Congratulations, Mr. President. I voted for the other guy, but I wish you well — and if you had to win, I’m deeply relieved that Florida doesn’t matter this time.
Once again, you’ve inherited a mess from your predecessor. This time, you won’t be able to get as much mileage from blaming him. One of the beauties of our two-party system is that eventually, both parties end up sharing the responsibility for every major issue.
Unlike some of your critics, I don’t think your re-election is a disaster. Even though you’ll continue to be the most powerful person in the world, you are not powerful enough to inflict serious long-term damage on America. We survived Nixon’s thuggery, Carter’s ineptitude and Clinton’s reckless sexual predation, and we’ll survive Obamacare and anything else you may throw at us.
To me, Obamacare was the most important reason to defeat you. The day before the election, Christopher DeMuth described the stakes as he saw them:
On Tuesday, Americans will go to the polls to choose whether or not to nationalize their health-care system. …
If President Barack Obama is re-elected, ObamaCare’s controls over doctors, hospitals, pharmaceutical firms and other providers of medical care will be tightened, and the operations of private insurance companies will be progressively restricted. Everyone involved will know where the process is going—to a single-payer system or one with a few chosen insurers subject to national public-utility controls—and will negotiate the best possible accommodations to it. Within a few years, a new political equilibrium will be in place, making the system irreversible and subject to only marginal adjustment.
Well, maybe. I sure wish we had elected a Republican president and enough Republican senators to overturn Obamacare altogether, but we did not. However, opposition to socialized healthcare is not going to go away. When the tax increases start kicking in a few weeks from now, you may find that your predecessor has bequeathed you a healthcare system so deeply unpopular that you may not be able to enforce party discipline to protect it.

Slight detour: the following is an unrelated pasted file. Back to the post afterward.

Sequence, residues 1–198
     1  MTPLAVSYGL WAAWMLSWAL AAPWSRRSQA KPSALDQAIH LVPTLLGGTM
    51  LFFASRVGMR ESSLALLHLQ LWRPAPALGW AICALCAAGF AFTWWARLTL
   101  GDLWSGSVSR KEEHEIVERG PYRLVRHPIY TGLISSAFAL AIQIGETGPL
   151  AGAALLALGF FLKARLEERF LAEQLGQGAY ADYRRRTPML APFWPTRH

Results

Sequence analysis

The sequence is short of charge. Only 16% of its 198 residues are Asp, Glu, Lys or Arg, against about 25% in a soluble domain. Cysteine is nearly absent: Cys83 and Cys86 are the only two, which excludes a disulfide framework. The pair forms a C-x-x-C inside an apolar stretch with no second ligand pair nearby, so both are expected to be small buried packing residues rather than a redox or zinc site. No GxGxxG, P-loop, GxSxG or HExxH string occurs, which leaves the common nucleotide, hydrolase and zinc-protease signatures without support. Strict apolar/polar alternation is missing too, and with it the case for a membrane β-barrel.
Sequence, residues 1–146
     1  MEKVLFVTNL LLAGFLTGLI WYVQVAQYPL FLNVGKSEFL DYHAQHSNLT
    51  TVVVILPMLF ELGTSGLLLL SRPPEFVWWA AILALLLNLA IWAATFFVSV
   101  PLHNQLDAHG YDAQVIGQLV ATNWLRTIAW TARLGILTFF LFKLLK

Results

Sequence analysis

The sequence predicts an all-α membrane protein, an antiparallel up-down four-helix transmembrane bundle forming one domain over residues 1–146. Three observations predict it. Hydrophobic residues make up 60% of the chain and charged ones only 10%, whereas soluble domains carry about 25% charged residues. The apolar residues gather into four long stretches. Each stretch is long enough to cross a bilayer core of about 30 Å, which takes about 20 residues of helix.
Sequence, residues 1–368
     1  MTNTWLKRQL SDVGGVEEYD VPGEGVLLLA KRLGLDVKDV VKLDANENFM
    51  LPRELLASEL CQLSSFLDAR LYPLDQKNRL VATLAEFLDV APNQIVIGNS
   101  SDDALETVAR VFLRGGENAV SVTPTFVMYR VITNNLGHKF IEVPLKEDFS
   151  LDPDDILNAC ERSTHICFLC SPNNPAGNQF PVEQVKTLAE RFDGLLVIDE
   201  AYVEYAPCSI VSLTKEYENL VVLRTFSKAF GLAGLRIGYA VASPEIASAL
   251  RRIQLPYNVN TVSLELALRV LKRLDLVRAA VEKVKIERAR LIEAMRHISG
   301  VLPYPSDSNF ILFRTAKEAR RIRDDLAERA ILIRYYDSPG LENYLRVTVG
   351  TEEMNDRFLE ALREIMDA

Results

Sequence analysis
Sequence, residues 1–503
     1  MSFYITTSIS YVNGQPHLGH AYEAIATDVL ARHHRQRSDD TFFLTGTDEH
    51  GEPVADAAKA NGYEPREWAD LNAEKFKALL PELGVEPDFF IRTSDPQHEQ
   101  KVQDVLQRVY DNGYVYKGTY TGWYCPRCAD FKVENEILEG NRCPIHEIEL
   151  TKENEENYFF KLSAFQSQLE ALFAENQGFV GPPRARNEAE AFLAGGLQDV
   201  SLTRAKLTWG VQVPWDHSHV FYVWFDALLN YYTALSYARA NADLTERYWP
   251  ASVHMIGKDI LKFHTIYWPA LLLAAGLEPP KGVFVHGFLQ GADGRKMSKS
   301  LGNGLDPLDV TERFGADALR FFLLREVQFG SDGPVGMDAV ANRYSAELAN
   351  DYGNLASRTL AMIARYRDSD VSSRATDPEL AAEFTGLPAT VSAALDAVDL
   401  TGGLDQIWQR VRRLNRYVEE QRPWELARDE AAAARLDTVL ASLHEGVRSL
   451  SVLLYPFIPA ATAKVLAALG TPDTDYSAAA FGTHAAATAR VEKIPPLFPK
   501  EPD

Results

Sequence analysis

I’m also not overly worried about continuing to entrust you with our national security — although again, I would have preferred the other guy as commander-in-chief. Despite the ridiculous Nobel Peace Prize, you’ve steered well clear of the moral bankruptcy of pacifism. To your credit, you green-lighted the risky takedown of Osama bin Laden, rather than taking the safer route of a Predator missile — and you’ve used those Predators to take out thousands of enemy combatants. You retained Bush’s defense secretary and his strategy for Iraq, and mimicked his surge in Afghanistan.
Heck, you even started a totally unnecessary war in Libya, where we had no national interests at stake. I don’t want to encourage unnecessary wars, but at least this one got rid of a very bad man, and up until Benghazi it seemed to be turning out all right. Your administration’s inattention to a deteriorating situation cost four brave men their lives in Benghazi. But at the risk of sounding flip, all presidents make mistakes that get brave people killed.
If America never uses its military strength, then all that money spent on defense truly is wasted. On balance I think your Libya adventure was probably unwise, but I like my presidents to have a bias toward action in the face of evil people. When, not if, the war with Iran enters its kinetic phase, I’m confident now (as I was not in 2008) that you will not preemptively surrender. And despite your occasionally shoddy treatment of our ally Israel, I have no doubt which side you’ll take. Even during the crucible of the final weeks of the campaign, you’ve already started laying the ground work for war, through joint exercises with Israel and by condoning Israel’s attack on a weapons plant in Sudan.
You have a tough job ahead of you, Mr. President. So did your predecessor. However wrong-headed some of your policies may be, I believe you to be a good and decent family man, a person of substance, and a person dedicated to doing what you believe is right for America. I can’t find the link now, but to paraphrase another voice on the right: The fact that our political system has given us a choice of two such candidates is a testament to the enduring strength of America.
Good luck, Mr. President, and may God watch over you and those you serve.